Engaging the Migrant Community Outside of Canada’s Main
Metropolitan Centres. Community Engagement—the Welcoming Community Initiative and the Case of Greater Victoria
by: Oliver Schmidtke, Jean Monnet Chair in European History and Politics and
Domain Leader Metropolis BC, Department of Political Science, University of
Victoria Steffen Neumann, Doctoral student, Department of Political Science,
University of Victoria
MBC WP Number: 10-13
This recent paper from Metropolis BC Centre examines what the opportunities and constraints are in implementing a community engagement strategy in smaller urban centres, such as Victoria, that often have few well established community organizations representing immigrant and ethno-cultural minorities. The authors argue that a meaningful community engagement process relies on a political-discursive and institutional context that is locally specific. The case of Victoria demonstrates that the relative small size of ethno-cultural groups, the severe financial constraints faced by settlement agencies, and the relative indifference in particular by municipal authorities regarding issues of migration and integration create a challenging environment for the political engagement of the community.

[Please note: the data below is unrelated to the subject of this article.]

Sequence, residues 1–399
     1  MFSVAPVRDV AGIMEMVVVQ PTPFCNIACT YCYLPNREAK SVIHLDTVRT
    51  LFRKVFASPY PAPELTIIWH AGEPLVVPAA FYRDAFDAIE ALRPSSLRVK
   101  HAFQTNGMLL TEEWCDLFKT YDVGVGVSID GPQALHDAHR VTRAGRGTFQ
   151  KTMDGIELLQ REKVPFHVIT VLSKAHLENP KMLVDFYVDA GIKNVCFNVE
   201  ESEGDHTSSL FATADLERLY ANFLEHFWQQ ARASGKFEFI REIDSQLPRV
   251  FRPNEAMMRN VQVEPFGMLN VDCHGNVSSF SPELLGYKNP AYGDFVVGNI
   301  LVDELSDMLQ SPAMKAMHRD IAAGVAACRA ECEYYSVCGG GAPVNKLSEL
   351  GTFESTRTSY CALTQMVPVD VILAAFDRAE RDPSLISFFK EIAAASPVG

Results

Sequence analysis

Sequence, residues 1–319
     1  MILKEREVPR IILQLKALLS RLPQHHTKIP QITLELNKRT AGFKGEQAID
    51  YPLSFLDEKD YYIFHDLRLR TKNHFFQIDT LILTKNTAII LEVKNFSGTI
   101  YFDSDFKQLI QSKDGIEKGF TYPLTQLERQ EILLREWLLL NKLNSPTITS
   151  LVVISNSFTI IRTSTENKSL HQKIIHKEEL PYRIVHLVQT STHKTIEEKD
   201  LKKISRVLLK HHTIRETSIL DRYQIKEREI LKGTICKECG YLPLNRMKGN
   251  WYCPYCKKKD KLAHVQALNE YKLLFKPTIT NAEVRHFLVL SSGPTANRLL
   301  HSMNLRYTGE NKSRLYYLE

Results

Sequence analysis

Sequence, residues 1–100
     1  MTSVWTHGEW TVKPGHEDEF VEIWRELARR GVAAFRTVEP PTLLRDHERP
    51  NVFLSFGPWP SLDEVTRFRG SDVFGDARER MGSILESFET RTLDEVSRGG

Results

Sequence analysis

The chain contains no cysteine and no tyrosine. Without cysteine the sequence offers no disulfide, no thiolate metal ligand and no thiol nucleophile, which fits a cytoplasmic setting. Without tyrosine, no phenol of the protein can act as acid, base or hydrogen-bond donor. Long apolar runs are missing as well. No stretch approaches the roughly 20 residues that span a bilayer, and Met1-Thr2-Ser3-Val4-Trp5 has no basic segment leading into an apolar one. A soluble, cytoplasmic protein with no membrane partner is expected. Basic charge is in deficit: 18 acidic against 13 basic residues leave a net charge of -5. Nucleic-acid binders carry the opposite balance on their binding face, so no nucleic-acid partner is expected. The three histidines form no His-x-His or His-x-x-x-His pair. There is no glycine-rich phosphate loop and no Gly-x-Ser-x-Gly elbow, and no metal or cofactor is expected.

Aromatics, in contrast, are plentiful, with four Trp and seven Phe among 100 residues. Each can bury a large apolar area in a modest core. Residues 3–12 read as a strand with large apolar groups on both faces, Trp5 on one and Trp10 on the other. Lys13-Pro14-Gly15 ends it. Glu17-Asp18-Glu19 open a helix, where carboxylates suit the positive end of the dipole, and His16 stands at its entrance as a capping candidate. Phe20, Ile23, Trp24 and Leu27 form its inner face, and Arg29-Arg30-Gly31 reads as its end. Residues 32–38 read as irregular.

The authors argue that a genuine political engagement process is critically dependent on the ongoing fostering of trust among community stakeholders, as well as the facilitation of community involvement through the provision of necessary organizational resources. They add that smaller urban centres require a long-term strategy designed to engage community stakeholders as well as to foster exchanges between those stakeholders and representatives in the municipal and provincial policy community.
The study also provides insight about the role of the Welcoming and
Inclusive Communities and Workplaces (WICPW) Initiative in BC, sponsored
by federal and provincial governments, in encouraging community engagement.